Practitioners become concerned when their staff, typically new staff, become too close to the young people (YP) in their care. Staff themselves believe, correctly, that a close relationship is necessary to bring about changes in the YP’s life. However, the relationship can transform into a ‘peer-to-peer’ relationship, i.e. both parties are ‘equal’ in the relationship and thus the worker is reluctant to set limits for fear of compromising the therapeutic relationship. This study argues against this line of thinking, namely that staff can have a therapeutic relationship and simultaneously set limits. Moreover, YP expect staff to set limits
This Canadian study investigates YPs’ expectations of relationships with staff members. The study interviewed 61 young people (34 males and 27 females) aged between the ages of 12 and 19 who were ‘mandated’ by the court to participate in child welfare, metal health, juvenile corrections, alternative education or community-based programs for children at risk. In Australia, we refer to these clients as ‘non-voluntary’ or ‘statutory’ clients.
Three types of staff-client relationships
YP described three type of staff-client relationships:
- “Informal supporters” de-professionalise their role and flatten hierarchies, emphasising empathy and enforcing few rules, e.g. one YP stated, “they are more like a friend than a staff member”
- “Administrators” enforce rules that are in the child’s best interest, but do so with little emotional engagement
- “Caregivers” who hold reasonable expectations and impose structures but are flexible in their negotiations with youth when rules were broken.
Unsurprisingly, the young people preferred staff that provided the ‘worker as informal supporter’ type relationship. More surprising was the fact that they could understand the value of the other two relationship types: ‘worker as administrator’ and ‘worker as caregiver’. With regard to the ‘worker as caregiver’, the authors note:
We were struck during our analysis by how often young people resisted rules but still understood that rules were meant to be protective. In such instances, it seemed that worker-client interactions were easiest to maintain when they approximated culturally normative parent–child interactions.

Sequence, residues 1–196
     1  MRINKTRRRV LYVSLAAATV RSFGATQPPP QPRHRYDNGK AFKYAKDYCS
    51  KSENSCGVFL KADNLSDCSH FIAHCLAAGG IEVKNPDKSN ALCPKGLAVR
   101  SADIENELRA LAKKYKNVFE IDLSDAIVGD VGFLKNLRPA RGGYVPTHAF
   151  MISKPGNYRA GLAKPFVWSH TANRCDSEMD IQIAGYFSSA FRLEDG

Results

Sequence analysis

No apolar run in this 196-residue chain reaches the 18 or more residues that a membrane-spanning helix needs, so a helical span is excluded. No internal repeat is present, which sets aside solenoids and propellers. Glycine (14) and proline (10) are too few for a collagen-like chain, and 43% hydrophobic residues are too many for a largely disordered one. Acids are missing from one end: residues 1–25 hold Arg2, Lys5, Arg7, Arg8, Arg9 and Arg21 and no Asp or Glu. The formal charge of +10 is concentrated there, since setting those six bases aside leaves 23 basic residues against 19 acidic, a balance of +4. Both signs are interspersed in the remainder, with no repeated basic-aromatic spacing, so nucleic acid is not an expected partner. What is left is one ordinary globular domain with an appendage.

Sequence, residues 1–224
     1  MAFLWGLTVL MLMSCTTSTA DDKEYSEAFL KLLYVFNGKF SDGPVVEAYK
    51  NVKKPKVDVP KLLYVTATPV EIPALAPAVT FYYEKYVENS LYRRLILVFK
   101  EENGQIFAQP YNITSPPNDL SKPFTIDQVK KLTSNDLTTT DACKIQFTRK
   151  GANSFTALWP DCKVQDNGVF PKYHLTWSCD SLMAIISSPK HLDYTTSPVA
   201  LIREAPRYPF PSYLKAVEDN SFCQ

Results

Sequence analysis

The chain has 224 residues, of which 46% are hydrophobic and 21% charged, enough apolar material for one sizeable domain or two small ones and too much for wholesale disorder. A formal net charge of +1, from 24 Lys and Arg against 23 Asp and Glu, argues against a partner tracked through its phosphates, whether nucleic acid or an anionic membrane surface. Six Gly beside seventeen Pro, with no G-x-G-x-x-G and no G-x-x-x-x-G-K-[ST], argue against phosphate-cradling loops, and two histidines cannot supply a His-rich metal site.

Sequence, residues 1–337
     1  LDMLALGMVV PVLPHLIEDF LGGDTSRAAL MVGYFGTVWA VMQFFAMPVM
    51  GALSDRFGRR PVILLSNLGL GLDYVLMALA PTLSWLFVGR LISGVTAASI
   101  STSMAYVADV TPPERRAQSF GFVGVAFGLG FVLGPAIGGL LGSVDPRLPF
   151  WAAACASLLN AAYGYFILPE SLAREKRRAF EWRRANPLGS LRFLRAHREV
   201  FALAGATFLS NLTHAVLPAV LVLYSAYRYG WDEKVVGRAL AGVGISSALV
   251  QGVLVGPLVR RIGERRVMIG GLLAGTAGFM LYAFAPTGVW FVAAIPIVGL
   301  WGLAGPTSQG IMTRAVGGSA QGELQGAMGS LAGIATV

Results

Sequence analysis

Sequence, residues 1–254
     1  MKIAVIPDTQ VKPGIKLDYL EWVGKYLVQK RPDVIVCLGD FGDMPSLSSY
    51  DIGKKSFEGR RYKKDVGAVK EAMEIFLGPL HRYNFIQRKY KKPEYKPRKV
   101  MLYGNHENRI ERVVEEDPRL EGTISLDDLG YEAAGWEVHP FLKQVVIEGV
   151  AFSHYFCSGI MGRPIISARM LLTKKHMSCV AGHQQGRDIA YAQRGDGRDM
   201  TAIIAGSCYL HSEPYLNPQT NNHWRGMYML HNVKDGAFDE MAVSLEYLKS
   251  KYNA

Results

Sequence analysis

Study participants described therapeutic relationships as most helpful if they mimicked an optimal parent–child relationship, with its ever-changing negotiations for acceptable behaviour, limit testing, and empathy. Youth expected workers to be flexible and supportive while still maintaining reasonable boundaries.
The authors also note:
- no single relationship approach is applicable in all situations at all times
- when compared to their non-mandated peers, mandated YP do not have the same ability to negotiate boundaries regarding risk-taking, therefore, by implication, less permissive approaches are required with mandated YP
- workers need to balance the rights of the individual YP with the YP’s need for care and protection
- moreover, whilst the YP might not appreciate this perspective in a heated discussion about limit-setting, nonetheless in calmer moments, they expect the adults to act in a ‘protective’ manner
- there were many examples of instances where a positive relationship was maintained despite the imposition of limit-setting that the YP thought was unfair
- the rules that apply to non-mandated YP should apply also to mandated YP.
A hard-line approach is not recommended
The authors are not arguing for a hard-line or ‘zero tolerance’ approach. This will not work and will further alienate the YP. However, limit setting based on the YP’s level of maturity and exposure to risk, when done in an empathetic and flexible manner, is both what is required to protect the YP and, equally importantly, what the YP expects from professional staff. Moreover, such an approach will not ‘damage’ the worker’s relationship with the YP.
The real questions is how do we train new workers to adopt this approach!
Ungar, M. and J. Ikeda (2017). “Rules or No Rules? Three Strategies for Engagement with Young People in Mandated Services.” Child and Adolescent Social Work Journal 34(3): 259-267.